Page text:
My soul desire and my sole desire is to know God. I believe that is true for each of us, even if we are not conscious of it. I encourage us all to make it conscious and to keep that desire foremost in our hearts and minds. When we do, we will know in every moment whether we are allowing that desire to inspire us, or if we are allowing something else to direct our thoughts, words and actions. When we surrender to the desire to know God and allow that desire to unfold in us, as us, we will fulfill all that we are here to be and to do.

Thursday, July 18, 2019

The Problem with 'God' - Part 2


At the beginning of summer, we at Unity Spiritual Center Denver began a new practice of having our children come into the sanctuary at the beginning of the service, rather than going directly to their classes as was our prior practice. Following our community greeting song, we invite them to come up onto the platform where we share a blessing. We bless them, and they bless us.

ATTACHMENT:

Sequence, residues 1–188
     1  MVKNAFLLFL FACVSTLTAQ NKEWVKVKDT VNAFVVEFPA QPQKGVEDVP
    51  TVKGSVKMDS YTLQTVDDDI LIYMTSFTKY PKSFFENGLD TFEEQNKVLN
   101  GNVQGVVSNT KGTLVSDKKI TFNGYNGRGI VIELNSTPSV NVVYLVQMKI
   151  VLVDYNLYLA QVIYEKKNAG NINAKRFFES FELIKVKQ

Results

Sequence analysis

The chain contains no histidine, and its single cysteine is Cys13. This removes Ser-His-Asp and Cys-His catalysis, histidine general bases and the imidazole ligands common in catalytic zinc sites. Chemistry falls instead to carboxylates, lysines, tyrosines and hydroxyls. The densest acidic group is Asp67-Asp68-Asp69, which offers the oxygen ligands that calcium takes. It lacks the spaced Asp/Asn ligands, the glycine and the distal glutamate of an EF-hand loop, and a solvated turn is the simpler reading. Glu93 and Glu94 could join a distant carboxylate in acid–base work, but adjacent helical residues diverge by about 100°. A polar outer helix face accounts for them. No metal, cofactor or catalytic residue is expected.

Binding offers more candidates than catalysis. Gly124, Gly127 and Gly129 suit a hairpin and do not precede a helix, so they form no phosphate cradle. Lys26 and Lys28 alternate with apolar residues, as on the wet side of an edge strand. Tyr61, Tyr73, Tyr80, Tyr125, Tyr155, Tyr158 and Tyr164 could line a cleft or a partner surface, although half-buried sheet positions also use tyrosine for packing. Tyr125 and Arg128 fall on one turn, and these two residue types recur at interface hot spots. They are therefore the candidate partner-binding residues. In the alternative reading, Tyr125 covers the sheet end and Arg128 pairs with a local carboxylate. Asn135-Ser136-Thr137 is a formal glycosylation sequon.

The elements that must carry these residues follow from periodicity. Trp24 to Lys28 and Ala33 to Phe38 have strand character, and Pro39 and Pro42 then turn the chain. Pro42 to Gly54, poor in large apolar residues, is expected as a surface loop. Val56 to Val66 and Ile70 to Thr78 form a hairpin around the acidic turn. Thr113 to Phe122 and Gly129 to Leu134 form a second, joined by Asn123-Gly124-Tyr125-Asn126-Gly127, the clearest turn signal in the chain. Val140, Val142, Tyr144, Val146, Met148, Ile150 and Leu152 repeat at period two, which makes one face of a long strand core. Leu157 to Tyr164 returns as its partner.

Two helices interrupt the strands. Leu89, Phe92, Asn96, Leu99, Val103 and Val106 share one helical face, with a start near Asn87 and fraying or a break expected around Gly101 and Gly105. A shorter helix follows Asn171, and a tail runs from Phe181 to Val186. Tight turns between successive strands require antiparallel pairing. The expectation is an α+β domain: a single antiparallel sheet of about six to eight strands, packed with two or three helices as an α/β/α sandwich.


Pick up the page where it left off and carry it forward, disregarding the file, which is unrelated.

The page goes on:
This past Sunday, we added another element. One child, selected prior to the service, is invited to ask me a question. The question this week was, “If God is perfect, and I am an expression of God, then why am I not perfect?” WOW! That could be an entire workshop or class. I did my best to offer my perspective, but given the limited time, I’m sure I did not do it justice. I am sure of this because when I asked if my answer was helpful, the one who asked the question said, “sort of.” I assured him that I would be available to discuss it with him one-to-one at some point if he liked.

After service, as I was walking around speaking to people, I greeted him, his mother and brothers. I took the opportunity to ask him what prompted his question. I thought that knowing why he asked the question might give me a better perspective from which to answer such a thought-provoking question. We talked for a few minutes, but with all the other activity going on around us, it was not the best setting to have the conversation.

When I spoke with his mother, I told her that I believe that our association with ‘God’ forms the foundation for this and similar questions, such as “If God is good, and all is God, then why do bad things happen?” Additionally, I shared that any perspective I could offer in answer to her son’s question would be predicated on exploring in greater depth what he believes about ‘God.’ She agreed and said that she finds it is difficult to find a way to teach children about ‘God’ when the image of God as a man with a white beard sitting up in heaven is the concept which is accepted by many religious traditions and which continues to be promulgated in our culture.